Chickens culled as bird flu found at Lancashire farm

chickens Image copyright PA
Image caption The Food Standards Agency said the disease was not a risk to food safety

About 30 birds are to be culled after avian flu was found at a poultry farm, the Department for Environment, Food and Rural Affairs (Defra) has said.

The H5N8 strain was confirmed in a small backyard flock of chickens at the farm near Thornton, Lancashire by Defra's chief veterinary officer.

Restrictions have been put in place around the infected premises to limit the risk of the disease spreading.

The Food Standards Agency said the disease was not a risk to food safety.

Public Health England said the risk to public health from the virus was very low.

A spokesman for Defra said a number of the birds had died and the remaining live birds were being humanely culled.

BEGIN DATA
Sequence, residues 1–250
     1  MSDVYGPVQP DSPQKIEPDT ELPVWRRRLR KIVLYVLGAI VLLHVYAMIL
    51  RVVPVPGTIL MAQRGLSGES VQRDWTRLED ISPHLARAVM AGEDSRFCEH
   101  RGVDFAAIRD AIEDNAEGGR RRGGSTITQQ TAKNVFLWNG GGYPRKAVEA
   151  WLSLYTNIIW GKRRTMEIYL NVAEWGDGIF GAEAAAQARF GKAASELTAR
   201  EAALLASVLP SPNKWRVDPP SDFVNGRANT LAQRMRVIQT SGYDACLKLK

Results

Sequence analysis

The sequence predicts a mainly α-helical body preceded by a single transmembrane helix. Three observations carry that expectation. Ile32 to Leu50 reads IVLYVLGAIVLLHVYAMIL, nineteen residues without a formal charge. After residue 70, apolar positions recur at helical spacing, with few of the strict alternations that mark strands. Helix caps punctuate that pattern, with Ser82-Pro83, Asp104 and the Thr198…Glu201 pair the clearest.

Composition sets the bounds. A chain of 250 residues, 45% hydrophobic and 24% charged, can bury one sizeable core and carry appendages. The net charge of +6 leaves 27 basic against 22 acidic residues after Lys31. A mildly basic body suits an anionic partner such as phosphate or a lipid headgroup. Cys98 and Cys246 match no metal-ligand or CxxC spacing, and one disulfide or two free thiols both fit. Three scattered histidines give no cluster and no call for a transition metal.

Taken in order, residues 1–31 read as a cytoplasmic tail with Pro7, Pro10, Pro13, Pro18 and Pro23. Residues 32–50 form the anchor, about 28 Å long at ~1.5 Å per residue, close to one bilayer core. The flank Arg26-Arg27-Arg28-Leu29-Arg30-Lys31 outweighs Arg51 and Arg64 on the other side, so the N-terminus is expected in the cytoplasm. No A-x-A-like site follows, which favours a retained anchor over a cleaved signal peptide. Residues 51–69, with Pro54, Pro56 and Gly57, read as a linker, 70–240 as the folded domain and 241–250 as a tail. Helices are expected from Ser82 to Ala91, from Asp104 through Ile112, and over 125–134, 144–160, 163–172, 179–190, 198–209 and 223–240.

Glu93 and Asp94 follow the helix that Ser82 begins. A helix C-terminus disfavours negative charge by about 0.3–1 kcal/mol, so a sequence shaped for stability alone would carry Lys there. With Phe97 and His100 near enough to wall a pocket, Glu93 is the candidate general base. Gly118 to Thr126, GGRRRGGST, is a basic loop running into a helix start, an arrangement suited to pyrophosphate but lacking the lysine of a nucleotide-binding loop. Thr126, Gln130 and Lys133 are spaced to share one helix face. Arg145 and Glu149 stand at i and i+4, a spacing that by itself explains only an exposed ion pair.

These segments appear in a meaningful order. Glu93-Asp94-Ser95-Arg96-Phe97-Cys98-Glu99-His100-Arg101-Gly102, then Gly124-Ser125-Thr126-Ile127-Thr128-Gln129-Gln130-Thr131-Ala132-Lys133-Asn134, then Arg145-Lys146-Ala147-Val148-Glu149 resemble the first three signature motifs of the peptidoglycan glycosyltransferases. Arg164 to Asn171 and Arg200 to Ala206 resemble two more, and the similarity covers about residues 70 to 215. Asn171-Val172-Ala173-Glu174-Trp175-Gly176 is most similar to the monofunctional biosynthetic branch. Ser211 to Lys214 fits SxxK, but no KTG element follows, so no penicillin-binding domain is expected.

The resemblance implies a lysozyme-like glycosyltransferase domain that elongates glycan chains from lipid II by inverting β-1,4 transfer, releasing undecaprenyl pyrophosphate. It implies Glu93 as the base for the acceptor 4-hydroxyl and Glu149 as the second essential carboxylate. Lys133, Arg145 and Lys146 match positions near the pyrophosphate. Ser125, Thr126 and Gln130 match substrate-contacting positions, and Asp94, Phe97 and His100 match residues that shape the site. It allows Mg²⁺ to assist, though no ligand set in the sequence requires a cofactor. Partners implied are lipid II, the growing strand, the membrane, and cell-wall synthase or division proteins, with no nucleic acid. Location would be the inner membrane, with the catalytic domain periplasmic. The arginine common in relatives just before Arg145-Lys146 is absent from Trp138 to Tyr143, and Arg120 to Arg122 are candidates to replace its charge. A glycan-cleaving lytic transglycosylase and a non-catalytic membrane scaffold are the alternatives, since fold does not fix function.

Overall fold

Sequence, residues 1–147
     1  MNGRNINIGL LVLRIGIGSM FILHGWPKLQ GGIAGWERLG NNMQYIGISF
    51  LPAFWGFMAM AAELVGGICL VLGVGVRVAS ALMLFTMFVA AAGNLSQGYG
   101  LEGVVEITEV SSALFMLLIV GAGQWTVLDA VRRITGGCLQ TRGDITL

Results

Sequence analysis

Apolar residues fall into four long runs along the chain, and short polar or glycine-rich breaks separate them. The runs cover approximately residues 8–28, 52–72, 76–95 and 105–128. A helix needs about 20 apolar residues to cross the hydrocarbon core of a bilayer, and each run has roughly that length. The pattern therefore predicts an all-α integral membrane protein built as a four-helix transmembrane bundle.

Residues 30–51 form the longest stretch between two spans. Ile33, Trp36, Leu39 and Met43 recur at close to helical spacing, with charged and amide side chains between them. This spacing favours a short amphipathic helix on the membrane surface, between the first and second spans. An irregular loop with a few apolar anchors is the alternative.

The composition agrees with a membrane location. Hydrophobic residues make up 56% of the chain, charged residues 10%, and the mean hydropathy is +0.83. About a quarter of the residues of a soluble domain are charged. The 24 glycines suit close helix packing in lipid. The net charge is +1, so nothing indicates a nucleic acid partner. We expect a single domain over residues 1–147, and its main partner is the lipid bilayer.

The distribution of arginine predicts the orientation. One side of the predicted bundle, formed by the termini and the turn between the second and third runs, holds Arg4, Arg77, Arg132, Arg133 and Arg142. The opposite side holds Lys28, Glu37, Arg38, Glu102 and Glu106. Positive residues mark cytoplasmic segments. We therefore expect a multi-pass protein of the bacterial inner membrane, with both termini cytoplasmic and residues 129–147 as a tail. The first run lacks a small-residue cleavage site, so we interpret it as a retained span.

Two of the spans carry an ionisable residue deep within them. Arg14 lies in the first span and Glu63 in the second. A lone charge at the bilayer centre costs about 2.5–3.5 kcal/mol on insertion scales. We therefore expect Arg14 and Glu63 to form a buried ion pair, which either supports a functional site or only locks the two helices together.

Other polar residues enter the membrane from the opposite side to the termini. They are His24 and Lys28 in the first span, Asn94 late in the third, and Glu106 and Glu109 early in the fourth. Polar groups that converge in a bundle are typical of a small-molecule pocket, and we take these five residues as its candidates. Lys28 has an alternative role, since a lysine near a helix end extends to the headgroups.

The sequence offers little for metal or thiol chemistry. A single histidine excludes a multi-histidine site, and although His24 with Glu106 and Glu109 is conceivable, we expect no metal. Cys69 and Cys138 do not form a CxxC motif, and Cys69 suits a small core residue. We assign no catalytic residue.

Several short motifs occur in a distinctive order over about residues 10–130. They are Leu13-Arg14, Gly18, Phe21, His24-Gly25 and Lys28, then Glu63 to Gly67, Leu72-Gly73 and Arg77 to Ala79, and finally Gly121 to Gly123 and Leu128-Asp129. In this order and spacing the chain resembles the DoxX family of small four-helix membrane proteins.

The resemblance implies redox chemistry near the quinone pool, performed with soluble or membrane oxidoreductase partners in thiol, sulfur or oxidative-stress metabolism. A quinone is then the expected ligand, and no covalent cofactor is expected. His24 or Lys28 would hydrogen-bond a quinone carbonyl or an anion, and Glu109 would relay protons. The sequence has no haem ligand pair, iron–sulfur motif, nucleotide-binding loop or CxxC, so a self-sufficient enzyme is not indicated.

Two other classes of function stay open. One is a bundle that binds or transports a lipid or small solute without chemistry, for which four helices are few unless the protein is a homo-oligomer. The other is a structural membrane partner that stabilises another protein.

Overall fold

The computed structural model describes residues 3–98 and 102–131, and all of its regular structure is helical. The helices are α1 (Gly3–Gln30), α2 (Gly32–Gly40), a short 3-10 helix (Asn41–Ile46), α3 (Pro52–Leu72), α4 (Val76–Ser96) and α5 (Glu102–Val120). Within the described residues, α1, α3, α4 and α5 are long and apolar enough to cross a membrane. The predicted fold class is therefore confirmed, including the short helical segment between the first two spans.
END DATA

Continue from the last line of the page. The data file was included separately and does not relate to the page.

In January, there were a number of other outbreaks of the virus, including at farms in Wyre in Lancashire, Lincolnshire, North Yorkshire and Carmarthenshire.

What is bird flu?

  • There are two types of bird flu, the most serious of which - known as highly pathogenic avian influenza (HPAI) - is often fatal in birds
  • A less serious version - low pathogenic avian influenza (LPAI) - can cause mild breathing problems but affected birds do not always show clear signs of infection
  • The NHS website says no humans have been infected with bird flu in the UK

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